So many debates, so much time. The Democratic candidates complain of debate strain (or their staffs do, anonymously). Too many candidates, too little to say. The debates, a leading Republican non-candidate insists, are good reasons not to run for president.
"The presidential nominating process in its current format is insane," says Newt Gingrich, who likes to talk (and talk and talk). He describes the debates as "auditions" that diminish the seriousness of the candidates, elevating (if that's the word for it) only the status of the interviewers. The debates are the political version of game shows -- think "The Bachelor," or "American Idol," and "Are You Smarter Than a Fifth Grader?" If Jack Abramoff were not making license plates, he could moderate "The Price Is Right."
Newt Gingrich, freed from the restraints of public office or the quest for one, can be a stitch, making fun of both Republicans and Democrats, needling "the latest exciting Republican name" as a man "who has to leave TV to get on TV." (Guess who?) The former speaker of the House, despite being a "former," is a popular power-breakfast guest, and Bob Tyrrell, editor of The American Spectator magazine, invited Newt to serve the salt and pepper with the bagels and fruit the other morning to a few pundits eager to get up from their beds at dawn.
"Once upon a time I thought I should run because it would be interesting, and senior Republicans thought I would enrich the debate," he said. "Well, has any candidate enriched the race or made it interesting? Or gotten anyone to say, 'I can't wait 'til the next debate'?" He clocked one of the debates and found that each candidate got a total of 7 minutes and 20 seconds. Neither Newt nor any other pol could clear his throat in twice that, and when Sean Hannity and Alan Colmes interviewed him on Fox he got 20 minutes -- with a larger audience.
"Why should I join the pygmies, shrink to the level of 30-second answers, standing like a trained seal waiting for someone to throw me a fish?" he asks. But he won't say he couldn't develop an appetite for fish. If he doesn't see "a conservative candidate" emerge who he reckons can win, he's willing -- eager, even -- to be tempted. He thinks there's time to wait until Sept. 27 to decide, when the results are in from a nationwide "workshop" supplying talking points if not actual answers to crucial questions about health care, jobs, energy, the environment, education and immigration.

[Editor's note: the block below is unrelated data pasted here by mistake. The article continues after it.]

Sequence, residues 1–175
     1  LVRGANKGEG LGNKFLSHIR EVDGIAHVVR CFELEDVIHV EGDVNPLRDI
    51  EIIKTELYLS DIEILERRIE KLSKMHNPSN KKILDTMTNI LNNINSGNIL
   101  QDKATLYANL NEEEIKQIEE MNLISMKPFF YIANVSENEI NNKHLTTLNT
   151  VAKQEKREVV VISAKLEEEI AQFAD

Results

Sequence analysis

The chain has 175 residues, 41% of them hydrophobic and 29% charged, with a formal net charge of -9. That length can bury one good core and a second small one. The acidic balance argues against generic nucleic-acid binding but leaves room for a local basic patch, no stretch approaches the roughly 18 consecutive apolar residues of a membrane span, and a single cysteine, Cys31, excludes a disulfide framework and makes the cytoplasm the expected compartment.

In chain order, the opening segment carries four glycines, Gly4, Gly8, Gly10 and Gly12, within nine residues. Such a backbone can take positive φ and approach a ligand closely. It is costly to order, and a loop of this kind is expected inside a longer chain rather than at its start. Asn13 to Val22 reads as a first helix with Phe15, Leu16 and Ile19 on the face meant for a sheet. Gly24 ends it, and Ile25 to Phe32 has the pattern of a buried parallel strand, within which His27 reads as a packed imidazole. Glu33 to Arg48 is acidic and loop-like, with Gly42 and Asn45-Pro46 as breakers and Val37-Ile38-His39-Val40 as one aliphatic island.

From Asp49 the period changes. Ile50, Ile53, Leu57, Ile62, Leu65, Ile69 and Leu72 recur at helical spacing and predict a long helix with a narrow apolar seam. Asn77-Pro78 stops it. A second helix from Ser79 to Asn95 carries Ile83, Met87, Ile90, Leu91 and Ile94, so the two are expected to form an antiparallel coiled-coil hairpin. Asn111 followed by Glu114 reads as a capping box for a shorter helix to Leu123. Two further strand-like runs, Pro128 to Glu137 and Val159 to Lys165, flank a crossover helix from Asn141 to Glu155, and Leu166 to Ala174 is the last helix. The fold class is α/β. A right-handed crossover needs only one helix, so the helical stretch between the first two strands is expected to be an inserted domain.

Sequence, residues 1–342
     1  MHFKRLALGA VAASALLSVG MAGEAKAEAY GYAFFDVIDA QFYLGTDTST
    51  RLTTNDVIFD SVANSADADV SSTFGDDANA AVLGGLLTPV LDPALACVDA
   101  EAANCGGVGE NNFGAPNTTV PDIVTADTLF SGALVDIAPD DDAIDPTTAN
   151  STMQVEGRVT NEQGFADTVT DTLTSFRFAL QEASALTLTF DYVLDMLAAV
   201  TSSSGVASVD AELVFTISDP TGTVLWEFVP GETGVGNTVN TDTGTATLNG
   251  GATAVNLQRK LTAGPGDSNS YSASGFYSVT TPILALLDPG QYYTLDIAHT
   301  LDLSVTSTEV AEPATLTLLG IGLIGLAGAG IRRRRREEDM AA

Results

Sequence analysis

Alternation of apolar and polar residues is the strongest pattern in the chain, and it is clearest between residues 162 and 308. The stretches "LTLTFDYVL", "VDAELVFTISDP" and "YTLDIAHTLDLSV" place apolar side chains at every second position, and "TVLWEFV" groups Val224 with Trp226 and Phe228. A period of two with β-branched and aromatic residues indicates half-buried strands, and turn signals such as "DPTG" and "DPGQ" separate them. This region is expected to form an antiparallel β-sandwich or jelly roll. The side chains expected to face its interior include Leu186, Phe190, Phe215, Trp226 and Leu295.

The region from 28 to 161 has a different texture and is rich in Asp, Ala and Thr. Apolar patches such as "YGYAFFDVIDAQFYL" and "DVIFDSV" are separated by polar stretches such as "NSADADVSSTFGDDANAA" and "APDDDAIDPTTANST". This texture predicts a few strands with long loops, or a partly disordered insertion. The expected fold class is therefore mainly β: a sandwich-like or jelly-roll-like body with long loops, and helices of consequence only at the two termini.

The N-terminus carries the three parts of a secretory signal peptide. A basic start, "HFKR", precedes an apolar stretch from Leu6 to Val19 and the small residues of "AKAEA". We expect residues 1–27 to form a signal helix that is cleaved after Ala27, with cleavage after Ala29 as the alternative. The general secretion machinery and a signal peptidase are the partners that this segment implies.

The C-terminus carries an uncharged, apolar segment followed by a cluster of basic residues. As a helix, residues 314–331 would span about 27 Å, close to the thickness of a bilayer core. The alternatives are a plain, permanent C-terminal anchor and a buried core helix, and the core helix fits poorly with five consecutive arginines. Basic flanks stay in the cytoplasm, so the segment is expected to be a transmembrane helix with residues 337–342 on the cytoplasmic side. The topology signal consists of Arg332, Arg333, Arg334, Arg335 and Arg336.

In Newt's view, nobody else has either questions or answers. Democrats can't give up their rote contempt for the free market that makes everything possible for most Americans. They're willing to cook the golden goose to stuff themselves one last time. The Republicans are technically incompetent and dysfunctional, like a business that can't recognize its market and enrages the customers of its market share. This encourages Democrats to say goofy things.
Worse, when the politicians are incompetent, it logically follows that the government they fashion will be incompetent, and the public reaction is usually not to fix it but to let the politicians make the government bigger. That's why almost no Republican looks to next year with anticipation. The Republicans, Newt says, could win if they run against what he calls "the Oprah ticket" -- Hillary and Obama. But Bill (and Hillary) Clinton, it occurs to me, did not get to the pinnacle of politics by making dumb choices.
For all his put-downs and put-ons, the former speaker sounds best in the heat and light of his moment at the podium. Follow-through is not always the mark of the successful campaigner. His stunning triumph with the "Contract with America" in 1994 turned swiftly to ashes. Now he's pushing a 21st-century "Contract with America," requiring not only a change in government policy, but a change in public attitudes. The debate stuck in red vs. blue has to become what he calls "the red, white and blue."
He brandishes a handout of polling data, available to candidates of either partisan stripe, emphasizing that 80 percent of Americans agree there's a desperate need to strengthen and revitalize the nation's core values. Like the college professor he was and is once more, Newt insists this means restoring pride in being an American, teaching what American citizenship and American history actually mean. "First you win the argument," he says, quoting Maggie Thatcher, "and then you win the vote." But the devil, as they say, is in the details. We have few details and lots of devils. The former speaker is eager to tell you who they are.